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Employment Situation  
Released On 5/8/2009 8:30:00 AM For Apr, 2009
PriorConsensusConsensus RangeActual
Nonfarm Payrolls - M/M change-663,000 -630,000 -810,000  to -580,000 -539,000 
Unemployment Rate - Level8.5 %8.9 %8.5 % to 9.0 %8.9 %
Average Hourly Earnings - M/M change0.2 %0.2 %0.2 % to 0.3 %0.1 %
Av Workweek - All Employees33.2 hrs33.2 hrs33.2 hrs to 33.3 hrs33.2 hrs

Payroll contraction is slowing but barely and not nearly enough to call a turn higher in the economy. Non-farm payrolls fell a very steep 539,000 in April with net revisions to prior months totaling -66,000, results that fall short of hopes for more meaningful improvement. The unemployment rate jumped 4 tenths to 8.9 percent in a move that will raise talk of an eventual 10 percent rate. Average hourly earnings are very weak, up only 0.1 percent in what will hurt consumer spending power. The average workweek was unchanged at 33.2 hours.

Details of the report show a 149,000 drop in manufacturing, a 126,000 drop in trade & transportation, a 122,000 drop in professional business services, and a 110,000 drop in construction. Contraction of this magnitude will not raise optimism that the worst is over. The only area of strength is in government jobs, up 72,000 and reflecting a 63,000 rise at the federal level.

Given falling inventories in the economy, early indications of slowing contraction in the ISM manufacturing report, and the coming effects of government stimulus this recession may not prove as deep as the early 80s or the post-war period, but that's the bright side. There's still meaningful risk that improvement in job losses in coming months will not be significant. Initial reaction to the report was limited. Markets will have to metabolize details of the report and will perhaps respond through the session to comments by pundits or policy makers.

Consensus Outlook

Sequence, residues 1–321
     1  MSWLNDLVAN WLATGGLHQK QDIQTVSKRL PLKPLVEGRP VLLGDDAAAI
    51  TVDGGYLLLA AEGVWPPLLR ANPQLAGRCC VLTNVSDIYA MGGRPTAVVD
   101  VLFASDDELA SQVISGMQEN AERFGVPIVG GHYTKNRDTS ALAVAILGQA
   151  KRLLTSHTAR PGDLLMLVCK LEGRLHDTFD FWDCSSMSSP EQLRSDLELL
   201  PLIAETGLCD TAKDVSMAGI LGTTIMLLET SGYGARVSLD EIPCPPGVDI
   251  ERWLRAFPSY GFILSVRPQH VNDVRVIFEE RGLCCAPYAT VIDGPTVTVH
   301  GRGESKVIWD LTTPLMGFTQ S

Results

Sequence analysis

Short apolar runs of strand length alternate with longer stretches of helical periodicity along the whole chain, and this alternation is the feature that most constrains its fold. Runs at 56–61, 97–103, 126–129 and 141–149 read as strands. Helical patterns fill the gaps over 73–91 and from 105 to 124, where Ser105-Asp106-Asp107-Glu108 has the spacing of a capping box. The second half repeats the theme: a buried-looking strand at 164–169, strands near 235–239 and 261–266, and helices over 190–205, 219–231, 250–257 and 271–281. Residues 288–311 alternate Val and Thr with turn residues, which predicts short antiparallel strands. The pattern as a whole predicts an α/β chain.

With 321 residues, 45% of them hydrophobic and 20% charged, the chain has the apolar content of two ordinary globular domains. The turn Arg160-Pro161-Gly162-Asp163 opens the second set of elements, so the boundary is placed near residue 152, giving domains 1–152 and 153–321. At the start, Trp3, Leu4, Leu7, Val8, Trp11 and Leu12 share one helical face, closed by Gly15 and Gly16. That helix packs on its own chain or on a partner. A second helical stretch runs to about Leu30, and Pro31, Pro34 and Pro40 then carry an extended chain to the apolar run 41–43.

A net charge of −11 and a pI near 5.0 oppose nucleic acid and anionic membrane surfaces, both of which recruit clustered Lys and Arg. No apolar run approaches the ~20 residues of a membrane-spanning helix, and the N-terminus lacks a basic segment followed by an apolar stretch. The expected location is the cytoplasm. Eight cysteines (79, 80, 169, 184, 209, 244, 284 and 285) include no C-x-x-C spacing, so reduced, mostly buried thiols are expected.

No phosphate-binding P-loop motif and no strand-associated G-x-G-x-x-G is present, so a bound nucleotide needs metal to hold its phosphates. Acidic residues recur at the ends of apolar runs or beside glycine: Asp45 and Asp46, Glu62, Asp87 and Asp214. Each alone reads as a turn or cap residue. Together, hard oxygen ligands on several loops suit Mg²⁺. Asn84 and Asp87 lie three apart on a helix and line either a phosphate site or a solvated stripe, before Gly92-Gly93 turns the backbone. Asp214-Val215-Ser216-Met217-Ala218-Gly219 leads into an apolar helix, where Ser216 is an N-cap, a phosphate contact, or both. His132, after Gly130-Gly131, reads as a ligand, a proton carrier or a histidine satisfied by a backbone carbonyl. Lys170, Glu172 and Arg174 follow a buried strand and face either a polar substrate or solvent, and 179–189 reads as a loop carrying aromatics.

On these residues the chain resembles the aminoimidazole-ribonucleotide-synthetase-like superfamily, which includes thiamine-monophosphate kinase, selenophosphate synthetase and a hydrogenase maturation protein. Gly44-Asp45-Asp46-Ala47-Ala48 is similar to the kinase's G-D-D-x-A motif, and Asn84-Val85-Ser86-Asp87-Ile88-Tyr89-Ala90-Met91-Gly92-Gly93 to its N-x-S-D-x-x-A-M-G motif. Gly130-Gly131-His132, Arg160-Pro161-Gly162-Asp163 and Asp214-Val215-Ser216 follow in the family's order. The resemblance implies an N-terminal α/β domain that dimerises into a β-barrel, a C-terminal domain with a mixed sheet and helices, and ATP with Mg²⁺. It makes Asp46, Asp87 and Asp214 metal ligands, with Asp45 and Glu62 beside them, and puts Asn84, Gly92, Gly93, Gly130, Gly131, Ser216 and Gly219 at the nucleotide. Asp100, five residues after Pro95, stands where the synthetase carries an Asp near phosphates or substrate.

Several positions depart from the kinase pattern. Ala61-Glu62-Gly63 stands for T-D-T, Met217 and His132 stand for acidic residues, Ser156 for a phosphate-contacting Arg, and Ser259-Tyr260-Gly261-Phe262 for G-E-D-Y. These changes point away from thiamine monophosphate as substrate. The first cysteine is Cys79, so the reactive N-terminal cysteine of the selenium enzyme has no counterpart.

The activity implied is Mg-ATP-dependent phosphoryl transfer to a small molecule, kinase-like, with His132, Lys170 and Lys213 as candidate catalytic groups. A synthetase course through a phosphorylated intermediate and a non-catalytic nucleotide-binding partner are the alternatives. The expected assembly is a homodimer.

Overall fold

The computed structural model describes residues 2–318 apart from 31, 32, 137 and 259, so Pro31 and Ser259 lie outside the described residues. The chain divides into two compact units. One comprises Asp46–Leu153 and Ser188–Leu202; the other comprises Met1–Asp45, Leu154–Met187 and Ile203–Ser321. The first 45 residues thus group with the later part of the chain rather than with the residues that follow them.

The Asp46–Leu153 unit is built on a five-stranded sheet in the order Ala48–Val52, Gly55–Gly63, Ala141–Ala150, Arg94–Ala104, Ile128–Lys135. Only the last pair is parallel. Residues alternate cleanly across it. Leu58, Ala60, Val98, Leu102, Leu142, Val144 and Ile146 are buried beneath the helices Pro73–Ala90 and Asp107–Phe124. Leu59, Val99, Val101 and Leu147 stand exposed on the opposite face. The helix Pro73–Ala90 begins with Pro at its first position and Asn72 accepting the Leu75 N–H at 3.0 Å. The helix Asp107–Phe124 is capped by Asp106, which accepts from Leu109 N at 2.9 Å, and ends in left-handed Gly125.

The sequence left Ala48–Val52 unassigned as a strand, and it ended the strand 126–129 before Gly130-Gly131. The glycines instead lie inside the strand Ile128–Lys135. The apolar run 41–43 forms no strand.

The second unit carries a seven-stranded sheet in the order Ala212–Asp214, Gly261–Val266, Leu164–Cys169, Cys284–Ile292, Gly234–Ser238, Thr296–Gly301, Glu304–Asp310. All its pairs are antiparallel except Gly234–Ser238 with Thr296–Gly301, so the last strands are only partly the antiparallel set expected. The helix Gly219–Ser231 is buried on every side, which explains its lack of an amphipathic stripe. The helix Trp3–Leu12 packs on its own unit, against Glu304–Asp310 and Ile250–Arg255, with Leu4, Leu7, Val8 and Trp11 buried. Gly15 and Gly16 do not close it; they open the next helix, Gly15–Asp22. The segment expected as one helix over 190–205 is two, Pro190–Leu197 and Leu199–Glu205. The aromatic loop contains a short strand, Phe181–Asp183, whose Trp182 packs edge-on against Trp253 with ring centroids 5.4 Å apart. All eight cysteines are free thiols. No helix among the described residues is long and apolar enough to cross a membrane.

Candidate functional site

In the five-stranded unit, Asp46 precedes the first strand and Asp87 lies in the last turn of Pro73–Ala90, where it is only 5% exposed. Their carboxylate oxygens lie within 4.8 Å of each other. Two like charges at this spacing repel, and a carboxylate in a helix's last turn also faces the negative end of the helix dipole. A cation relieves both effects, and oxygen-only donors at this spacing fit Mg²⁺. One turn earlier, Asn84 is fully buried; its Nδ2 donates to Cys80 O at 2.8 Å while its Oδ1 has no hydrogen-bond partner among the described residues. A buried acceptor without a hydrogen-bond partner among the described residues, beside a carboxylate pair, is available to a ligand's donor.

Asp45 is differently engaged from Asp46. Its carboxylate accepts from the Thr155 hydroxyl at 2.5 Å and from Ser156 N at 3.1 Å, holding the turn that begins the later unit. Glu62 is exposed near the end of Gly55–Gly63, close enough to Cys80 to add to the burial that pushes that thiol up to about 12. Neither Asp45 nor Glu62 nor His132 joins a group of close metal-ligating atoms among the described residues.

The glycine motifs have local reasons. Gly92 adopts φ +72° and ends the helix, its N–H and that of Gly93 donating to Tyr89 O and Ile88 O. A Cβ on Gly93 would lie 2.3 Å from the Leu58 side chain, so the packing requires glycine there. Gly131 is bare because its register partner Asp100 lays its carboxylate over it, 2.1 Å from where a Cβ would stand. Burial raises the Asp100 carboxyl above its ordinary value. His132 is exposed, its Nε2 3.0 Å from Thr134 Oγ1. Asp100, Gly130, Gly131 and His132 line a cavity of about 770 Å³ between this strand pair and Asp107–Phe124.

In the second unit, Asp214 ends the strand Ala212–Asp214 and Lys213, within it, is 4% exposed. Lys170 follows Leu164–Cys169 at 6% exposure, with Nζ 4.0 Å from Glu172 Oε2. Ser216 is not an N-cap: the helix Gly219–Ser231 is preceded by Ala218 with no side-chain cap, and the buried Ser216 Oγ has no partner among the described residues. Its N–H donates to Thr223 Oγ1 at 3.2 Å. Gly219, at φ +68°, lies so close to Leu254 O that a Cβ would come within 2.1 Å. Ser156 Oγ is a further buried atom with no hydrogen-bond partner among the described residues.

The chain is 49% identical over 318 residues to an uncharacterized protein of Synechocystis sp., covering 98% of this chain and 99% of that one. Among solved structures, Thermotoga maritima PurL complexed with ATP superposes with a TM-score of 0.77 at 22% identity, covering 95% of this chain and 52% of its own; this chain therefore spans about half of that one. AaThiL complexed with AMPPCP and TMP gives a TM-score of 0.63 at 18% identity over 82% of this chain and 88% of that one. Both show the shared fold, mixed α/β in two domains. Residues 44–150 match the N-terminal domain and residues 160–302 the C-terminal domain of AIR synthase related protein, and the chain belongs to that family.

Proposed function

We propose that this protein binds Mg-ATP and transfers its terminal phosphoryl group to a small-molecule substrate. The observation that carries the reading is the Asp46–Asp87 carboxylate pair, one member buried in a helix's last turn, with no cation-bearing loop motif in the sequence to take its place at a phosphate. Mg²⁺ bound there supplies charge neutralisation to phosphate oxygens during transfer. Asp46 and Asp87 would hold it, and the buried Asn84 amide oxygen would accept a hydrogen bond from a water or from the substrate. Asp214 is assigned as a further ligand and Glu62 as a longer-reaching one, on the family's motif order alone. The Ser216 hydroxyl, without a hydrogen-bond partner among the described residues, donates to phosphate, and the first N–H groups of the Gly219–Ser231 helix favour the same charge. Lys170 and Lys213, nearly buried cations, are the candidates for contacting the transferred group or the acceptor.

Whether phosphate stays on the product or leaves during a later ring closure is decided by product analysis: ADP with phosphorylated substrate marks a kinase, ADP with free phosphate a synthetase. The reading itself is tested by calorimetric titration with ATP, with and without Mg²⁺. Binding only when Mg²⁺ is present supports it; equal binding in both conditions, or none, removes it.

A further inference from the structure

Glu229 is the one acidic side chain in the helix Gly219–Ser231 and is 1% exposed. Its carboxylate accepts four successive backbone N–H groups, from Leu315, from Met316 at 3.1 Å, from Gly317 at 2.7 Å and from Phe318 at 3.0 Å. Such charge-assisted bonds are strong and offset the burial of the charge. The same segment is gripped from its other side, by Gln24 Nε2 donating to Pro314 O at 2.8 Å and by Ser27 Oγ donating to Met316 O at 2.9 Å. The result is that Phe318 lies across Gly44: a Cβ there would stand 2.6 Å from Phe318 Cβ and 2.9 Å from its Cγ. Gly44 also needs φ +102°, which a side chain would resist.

Nonfarm payroll employment has dropped for 15 consecutive months with March falling 663,000. More than 5 million jobs have been lost since the recession began in January 2008. The civilian unemployment rate jumped to 8.5 percent from 8.1 percent in February and was the highest since the same rate in November 1983. But labor market weakness has softened up wage inflation. Average hourly earnings came in at a monthly 0.2 percent in March with the year-ago wage increase easing to 3.4 percent from 3.6 percent in February. Looking ahead, we are likely to see another sizeable drop in payrolls if the run up in continuing unemployment claims is any indication. Over the past four weeks, continuing claims have jumped 607,000. This also suggests a notable boost in the unemployment rate for April.

The most closely watched of all economic indicators, the employment situation is a set of monthly labor market indicators based on two separate reports: the establishment survey which tracks 650,000 worksites and offers the nonfarm payroll and average hourly earnings headlines and the household survey which interviews 60,000 households and generates the unemployment rate.

Nonfarm payrolls track the number of part-time and full-time employees in both business and government. Average hourly earnings track employee pay while the average workweek, also part of the establishment survey, tracks the number of hours worked. The report's private payroll measure excludes government workers.

The unemployment rate measures the number of unemployed as a percentage of the labor force. In order to be counted as unemployed, one must be actively looking for work. Other commonly known data from the household survey include the labor supply and discouraged workers.  Why Investors Care
During the mature phase of an economic expansion, monthly payrolls gains of 150,000 or so are considered relatively healthy. In the early stages of recovery though, gains are expected to surpass 250,000 per month.
Data Source: Haver Analytics
The civilian unemployment rate is a lagging indicator of economic activity. During a recession, many people leave the labor force entirely, so the jobless rate may not increase as much as expected. This means that the jobless rate may continue to increase in the early stages of recovery because more people are returning to the labor force as they believe they will be able to find work. The civilian unemployment rate tends towards greater stability than payroll employment on a monthly basis. It reveals the degree to which labor resources are utilized in the economy.
Data Source: Haver Analytics

2009 Release Schedule
Released On: 1/92/63/64/35/86/57/28/79/410/211/612/4
Release For: DecJanFebMarAprMayJunJulAugSepOctNov

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